Protecting civilians: A humanitarian responsibility and necessity for ending Yemen’s war

Displaced Yemeni are seen in a makeshift camp near Sanaa, Yemen November 17, 2017. REUTERS/Mohamed al-Sayaghi

To say that Yemen is facing a humanitarian crisis is an understatement. Numerous agencies are struggling to provide aid to a population in desperate need, but aid can only be as effective as the willingness to protect Yemen’s civilian population. That willingness has been lacking on all sides of this multi-sided war. Without civilian protection, building trust between the belligerent parties to reach even a cessation of hostilities, much less a long term, sustainable peace, is impossible.

It is true that Yemen’s humanitarian catastrophe does receive periodic (but still too infrequent) mention in the press by humanitarian agencies and close followers of the war. But the gravity of the problem does not seem to have resonated with most US politicians or among the population in general. Perhaps it is war fatigue, or perhaps it is too challenging for many people to follow multiple crises across the region and elsewhere. To be sure, Congress has in recent months begun to address the US role in the conflict, questioning the sale of arms to Saudi Arabia and the cost on civilian lives in Yemen. Senator Chris Murphy (D-CT) has been an early and consistent voice in this regard. But the White House’s continuation of US support for the Saudi-led coalition through intelligence sharing and mid-air refueling missions—and of course continued arms sales—suggests it has little interest in the war’s cost on civilian lives.

And that cost has been devastating. UN agencies and human rights organizations repeatedly note that twenty million Yemenis are urgently in need of humanitarian assistance, with seven million of them on the brink of famine. A massive Cholera outbreak has seen more than 750,000 infected and nearly 3,000 related deaths in the past year, even as the UN OCHA Cholera Integrated Response Plan for Yemen has struggled to minimize the number of deaths. Yemen’s crumbling infrastructure worsens the crisis, including the failure of Sanaa’s sewage system last spring and the destruction to ports, roads, and other means of moving supplies to needy populations. As much as a third of the population relies on aid for basic food stuffs.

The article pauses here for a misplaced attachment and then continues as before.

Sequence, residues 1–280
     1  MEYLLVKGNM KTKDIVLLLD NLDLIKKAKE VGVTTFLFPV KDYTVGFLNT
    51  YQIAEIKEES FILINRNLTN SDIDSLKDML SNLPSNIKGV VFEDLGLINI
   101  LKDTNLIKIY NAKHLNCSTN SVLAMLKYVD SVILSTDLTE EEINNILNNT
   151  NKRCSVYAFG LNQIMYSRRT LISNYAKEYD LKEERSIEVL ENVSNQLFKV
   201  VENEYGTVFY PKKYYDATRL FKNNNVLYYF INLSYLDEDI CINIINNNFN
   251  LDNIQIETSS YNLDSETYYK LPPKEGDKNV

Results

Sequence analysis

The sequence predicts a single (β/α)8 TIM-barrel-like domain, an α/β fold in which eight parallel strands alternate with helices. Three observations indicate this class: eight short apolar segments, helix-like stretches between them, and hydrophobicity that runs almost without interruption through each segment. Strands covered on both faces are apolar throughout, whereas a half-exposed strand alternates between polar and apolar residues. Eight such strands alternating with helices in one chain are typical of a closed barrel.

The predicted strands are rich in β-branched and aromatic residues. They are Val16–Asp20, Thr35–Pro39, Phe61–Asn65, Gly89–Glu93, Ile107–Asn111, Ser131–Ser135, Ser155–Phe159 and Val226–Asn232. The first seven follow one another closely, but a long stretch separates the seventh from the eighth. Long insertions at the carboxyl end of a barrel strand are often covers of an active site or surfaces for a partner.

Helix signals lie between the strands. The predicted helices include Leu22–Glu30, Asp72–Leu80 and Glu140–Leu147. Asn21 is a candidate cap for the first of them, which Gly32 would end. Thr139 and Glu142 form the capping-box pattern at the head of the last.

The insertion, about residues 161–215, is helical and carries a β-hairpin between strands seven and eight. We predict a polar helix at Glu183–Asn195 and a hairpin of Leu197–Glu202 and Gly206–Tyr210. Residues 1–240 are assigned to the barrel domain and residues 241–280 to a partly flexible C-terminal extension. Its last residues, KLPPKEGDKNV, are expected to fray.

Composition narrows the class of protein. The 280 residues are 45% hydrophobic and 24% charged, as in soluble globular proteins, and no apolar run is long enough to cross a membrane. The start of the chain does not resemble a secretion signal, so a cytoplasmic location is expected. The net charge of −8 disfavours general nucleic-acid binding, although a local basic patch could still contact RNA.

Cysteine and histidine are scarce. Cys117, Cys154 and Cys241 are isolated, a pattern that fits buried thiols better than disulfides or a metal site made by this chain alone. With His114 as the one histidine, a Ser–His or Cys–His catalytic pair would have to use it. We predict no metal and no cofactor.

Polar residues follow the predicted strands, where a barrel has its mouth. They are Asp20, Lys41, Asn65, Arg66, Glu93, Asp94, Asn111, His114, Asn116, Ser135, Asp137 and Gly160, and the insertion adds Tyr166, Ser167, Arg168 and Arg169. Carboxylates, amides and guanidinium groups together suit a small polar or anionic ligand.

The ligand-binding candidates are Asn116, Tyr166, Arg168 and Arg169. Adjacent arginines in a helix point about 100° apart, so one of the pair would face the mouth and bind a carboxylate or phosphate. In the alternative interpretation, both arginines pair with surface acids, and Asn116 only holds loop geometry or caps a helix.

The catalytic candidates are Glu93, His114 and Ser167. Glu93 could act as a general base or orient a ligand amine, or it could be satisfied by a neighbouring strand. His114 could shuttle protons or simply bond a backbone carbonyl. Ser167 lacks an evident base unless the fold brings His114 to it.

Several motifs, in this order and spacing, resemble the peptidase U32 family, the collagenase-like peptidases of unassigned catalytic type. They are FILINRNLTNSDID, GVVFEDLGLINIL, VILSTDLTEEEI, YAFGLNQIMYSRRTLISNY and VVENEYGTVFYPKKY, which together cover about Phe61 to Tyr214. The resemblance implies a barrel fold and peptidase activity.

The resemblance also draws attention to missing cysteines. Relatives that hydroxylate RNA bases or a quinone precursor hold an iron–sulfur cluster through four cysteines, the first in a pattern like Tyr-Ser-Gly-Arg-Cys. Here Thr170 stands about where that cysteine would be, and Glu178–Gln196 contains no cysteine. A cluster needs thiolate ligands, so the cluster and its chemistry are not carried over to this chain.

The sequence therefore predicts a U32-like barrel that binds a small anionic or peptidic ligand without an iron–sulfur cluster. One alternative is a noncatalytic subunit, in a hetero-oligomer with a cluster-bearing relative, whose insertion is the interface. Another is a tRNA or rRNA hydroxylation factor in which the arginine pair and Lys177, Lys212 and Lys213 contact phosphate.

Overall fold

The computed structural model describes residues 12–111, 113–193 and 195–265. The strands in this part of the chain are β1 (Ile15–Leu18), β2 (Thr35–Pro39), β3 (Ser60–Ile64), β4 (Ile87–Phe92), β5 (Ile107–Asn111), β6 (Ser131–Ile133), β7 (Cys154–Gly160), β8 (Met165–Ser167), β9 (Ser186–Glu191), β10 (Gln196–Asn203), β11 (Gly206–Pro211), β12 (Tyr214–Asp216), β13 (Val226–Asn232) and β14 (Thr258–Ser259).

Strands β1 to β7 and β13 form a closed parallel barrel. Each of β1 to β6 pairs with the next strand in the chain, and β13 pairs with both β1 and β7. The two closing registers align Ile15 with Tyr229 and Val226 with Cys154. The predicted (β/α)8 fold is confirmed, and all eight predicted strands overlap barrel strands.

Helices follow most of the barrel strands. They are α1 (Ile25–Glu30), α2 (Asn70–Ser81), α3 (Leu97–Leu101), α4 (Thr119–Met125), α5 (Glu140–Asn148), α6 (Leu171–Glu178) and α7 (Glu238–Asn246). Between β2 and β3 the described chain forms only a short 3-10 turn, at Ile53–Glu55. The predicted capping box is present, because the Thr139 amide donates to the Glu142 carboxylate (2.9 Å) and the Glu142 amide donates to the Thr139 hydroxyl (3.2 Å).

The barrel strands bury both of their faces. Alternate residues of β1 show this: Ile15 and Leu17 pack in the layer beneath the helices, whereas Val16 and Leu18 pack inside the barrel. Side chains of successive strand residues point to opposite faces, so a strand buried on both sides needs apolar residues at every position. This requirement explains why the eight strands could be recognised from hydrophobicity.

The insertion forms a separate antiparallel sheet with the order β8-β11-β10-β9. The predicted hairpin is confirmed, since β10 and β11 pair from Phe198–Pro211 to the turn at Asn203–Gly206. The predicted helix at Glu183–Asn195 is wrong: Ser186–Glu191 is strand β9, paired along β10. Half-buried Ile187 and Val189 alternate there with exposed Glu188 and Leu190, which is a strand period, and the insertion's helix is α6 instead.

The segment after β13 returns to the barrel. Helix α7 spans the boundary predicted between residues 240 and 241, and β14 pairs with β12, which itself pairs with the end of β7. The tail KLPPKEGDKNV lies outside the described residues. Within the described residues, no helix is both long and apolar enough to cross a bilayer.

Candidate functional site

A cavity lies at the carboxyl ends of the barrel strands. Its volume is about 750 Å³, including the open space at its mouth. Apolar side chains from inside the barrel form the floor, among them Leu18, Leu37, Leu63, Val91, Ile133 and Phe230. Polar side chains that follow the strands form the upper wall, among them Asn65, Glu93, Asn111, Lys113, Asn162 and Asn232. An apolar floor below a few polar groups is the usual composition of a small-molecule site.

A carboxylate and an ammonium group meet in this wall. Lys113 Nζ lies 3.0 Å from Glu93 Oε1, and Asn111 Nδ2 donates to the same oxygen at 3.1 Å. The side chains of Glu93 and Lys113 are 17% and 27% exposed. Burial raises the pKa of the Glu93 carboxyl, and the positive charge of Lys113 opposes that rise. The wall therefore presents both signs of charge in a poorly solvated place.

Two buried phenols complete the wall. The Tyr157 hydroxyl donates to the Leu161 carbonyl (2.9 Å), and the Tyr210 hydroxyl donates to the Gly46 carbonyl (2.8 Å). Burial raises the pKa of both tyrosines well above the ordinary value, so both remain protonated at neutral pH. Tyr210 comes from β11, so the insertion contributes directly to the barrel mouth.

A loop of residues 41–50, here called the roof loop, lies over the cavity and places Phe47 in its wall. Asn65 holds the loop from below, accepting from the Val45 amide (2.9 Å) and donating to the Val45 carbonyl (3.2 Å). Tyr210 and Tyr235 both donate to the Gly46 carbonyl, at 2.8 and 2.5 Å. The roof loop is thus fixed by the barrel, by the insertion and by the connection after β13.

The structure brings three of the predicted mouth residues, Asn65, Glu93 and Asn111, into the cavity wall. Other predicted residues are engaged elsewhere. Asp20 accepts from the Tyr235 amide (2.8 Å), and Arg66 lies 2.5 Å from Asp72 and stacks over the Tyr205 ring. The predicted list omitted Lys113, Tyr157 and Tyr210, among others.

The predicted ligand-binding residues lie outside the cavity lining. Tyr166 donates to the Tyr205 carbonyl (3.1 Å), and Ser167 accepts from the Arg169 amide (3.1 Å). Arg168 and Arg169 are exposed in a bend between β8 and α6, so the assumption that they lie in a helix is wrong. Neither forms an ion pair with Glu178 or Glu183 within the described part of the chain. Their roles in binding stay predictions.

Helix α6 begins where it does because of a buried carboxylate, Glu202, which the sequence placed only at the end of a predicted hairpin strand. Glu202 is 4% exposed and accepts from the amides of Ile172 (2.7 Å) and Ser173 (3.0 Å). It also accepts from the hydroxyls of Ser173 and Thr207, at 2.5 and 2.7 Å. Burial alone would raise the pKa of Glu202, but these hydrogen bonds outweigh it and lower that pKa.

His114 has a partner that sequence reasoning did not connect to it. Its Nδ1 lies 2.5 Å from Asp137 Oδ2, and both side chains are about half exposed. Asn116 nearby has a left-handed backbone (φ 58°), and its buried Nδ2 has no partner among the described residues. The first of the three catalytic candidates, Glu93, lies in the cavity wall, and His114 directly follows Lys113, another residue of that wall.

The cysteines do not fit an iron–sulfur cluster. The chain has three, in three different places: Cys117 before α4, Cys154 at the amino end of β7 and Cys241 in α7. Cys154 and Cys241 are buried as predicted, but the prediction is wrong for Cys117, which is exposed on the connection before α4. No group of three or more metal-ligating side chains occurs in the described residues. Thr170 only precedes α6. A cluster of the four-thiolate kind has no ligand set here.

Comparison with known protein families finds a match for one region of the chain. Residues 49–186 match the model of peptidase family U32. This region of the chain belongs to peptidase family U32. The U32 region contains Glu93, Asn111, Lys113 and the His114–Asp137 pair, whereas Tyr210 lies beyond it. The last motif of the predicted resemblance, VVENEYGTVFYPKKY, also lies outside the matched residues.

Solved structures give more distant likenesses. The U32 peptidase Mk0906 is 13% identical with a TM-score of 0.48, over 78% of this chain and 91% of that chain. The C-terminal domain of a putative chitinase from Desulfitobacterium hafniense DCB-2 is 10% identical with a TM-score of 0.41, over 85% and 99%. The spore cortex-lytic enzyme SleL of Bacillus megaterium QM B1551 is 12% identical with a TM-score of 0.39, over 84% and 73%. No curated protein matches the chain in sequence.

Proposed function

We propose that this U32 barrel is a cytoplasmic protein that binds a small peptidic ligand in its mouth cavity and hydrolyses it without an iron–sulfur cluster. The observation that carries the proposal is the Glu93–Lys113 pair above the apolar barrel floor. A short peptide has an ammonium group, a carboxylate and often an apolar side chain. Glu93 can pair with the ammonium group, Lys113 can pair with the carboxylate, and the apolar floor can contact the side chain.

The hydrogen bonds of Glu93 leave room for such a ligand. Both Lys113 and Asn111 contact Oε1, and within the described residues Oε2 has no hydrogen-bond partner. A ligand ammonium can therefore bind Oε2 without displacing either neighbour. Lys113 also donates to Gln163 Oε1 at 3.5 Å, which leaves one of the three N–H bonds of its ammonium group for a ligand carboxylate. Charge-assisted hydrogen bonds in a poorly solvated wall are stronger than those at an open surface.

The Saudi-led blockade, now in its third week, has shut down the ability of humanitarian relief agencies—already struggling to keep up with a cascading problem—to reach the majority of the population. The Saudi-led coalition allowed the Aden airport to reopen after two days, creating the hope for aid to reach needy civilians in nearby regions. But the blockade remains in place on other essential points of entry, including the Hodeida port and Sanaa airport, which are located in areas controlled by the Houthi-Saleh alliance at war with the Saudi-led coalition. The reality is that the opening of the Aden port has had little effect on the northern regions, where the bulk of the population resides. And as OCHA stated, even a fully functioning Aden port would never be adequate as a single-entry point because it lacks the absorption capacity to handle a significant amount of aid shipments.